3. George J. Stigler & James K. Kindahl, 1970. "The Behavior of Industrial Prices," NBER Books, National Bureau of Economic Research, Inc, number stig70-1.
    4. Lichtenberg, Frank R., 1986. "Energy prices and induced innovation," Research Policy, Elsevier, pages 67-75.
    Full references (including those not matched with items on IDEAS)

    Citations

    Citations are extracted by the CitEc Project, subscribe to its RSS feed for this item.
    as


    Cited by:

    1. Stekler, H.O., 2007. "The future of macroeconomic forecasting: Understanding the forecasting process," International Journal of Forecasting, Elsevier, pages 237-248.
    2. Chris Bajada, 2000. "An Examination of the Statistical Discrepancy and Private Investment Expenditure," Working Paper Series 103, Finance Discipline Group, UTS Business School, University of Technology, Sydney.
    3. Sinclair, Tara M. & Stekler, H.O., 2013. "Examining the quality of early GDP component estimates," International Journal of Forecasting, Elsevier, pages 736-750.
    4. Christopher Bajada, 2001. "An Examination of the Statistical Discrepancy and Private Investment Expenditure," Journal of Applied Economics, Universidad del CEMA, vol. 4, pages 27-61, May.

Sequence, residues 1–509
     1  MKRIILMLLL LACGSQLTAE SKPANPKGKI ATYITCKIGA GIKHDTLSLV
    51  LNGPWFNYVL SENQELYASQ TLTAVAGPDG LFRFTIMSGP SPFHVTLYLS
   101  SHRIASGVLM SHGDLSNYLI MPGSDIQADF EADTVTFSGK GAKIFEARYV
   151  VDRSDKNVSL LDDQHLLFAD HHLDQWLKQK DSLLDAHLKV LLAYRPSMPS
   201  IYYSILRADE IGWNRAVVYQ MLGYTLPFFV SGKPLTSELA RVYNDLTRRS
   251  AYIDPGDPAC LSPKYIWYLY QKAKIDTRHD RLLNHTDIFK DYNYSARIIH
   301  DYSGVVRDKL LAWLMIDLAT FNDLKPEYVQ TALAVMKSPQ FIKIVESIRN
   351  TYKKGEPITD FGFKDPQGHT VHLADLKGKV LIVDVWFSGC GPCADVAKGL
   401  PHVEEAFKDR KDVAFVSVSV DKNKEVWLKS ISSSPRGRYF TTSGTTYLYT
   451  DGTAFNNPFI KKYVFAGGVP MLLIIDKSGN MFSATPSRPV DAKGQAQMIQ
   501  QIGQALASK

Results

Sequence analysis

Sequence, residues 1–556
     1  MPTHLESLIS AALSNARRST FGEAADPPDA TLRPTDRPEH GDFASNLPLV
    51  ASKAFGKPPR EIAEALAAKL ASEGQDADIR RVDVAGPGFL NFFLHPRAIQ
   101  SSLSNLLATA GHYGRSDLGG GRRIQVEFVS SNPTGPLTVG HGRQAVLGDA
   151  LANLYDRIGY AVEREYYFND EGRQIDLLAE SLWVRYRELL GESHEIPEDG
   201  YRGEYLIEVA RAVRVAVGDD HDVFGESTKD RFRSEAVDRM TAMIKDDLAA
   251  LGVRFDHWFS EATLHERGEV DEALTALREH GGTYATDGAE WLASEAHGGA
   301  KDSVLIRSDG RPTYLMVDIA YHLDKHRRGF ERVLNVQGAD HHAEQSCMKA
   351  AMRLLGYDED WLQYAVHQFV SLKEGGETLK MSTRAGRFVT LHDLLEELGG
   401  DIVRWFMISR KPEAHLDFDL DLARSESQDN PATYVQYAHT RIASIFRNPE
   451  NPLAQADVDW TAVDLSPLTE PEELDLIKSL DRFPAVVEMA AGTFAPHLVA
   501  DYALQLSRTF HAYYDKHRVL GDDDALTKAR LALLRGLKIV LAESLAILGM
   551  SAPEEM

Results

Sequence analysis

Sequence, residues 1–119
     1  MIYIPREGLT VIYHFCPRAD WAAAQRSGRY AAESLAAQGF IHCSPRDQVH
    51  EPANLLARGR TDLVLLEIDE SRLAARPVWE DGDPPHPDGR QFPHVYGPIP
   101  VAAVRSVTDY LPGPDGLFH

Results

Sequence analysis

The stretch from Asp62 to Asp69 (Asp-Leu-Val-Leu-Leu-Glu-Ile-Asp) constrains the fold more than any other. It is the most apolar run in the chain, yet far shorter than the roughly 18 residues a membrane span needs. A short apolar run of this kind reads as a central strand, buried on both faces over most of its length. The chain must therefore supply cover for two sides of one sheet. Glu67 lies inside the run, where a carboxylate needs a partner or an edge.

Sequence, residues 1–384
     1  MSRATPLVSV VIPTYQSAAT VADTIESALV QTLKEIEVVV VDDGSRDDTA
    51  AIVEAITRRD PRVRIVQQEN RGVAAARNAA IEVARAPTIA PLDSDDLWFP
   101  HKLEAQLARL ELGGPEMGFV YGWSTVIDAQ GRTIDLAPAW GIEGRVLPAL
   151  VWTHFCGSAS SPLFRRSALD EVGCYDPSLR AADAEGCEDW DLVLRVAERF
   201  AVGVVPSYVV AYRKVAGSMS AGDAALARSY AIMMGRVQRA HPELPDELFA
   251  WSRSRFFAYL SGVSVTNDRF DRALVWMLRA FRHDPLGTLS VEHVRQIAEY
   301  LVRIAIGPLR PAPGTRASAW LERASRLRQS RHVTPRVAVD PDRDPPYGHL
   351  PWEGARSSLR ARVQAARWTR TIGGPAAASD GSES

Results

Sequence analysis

5. Oller, Lars-Erik & Tallbom, Christer, 1996. "Smooth and timely business cycle indicators for noisy Swedish data," International Journal of Forecasting, Elsevier, pages 389-402.
    6. Patterson, K. D., 2003. "Exploiting information in vintages of time-series data," International Journal of Forecasting, Elsevier, pages 177-197.
    7. Christopher Bajada, 2002. "The Effects of Inflation and the Business Cycle on Revisions of Macroeconomic Data," Australian Economic Review, The University of Melbourne, Melbourne Institute of Applied Economic and Social Research, pages 276-286.
    8. Marco Cipriani & Antonio Guarino, 2009. "Herd Behavior in Financial Markets: An Experiment with Financial Market Professionals," Journal of the European Economic Association, MIT Press, pages 206-233.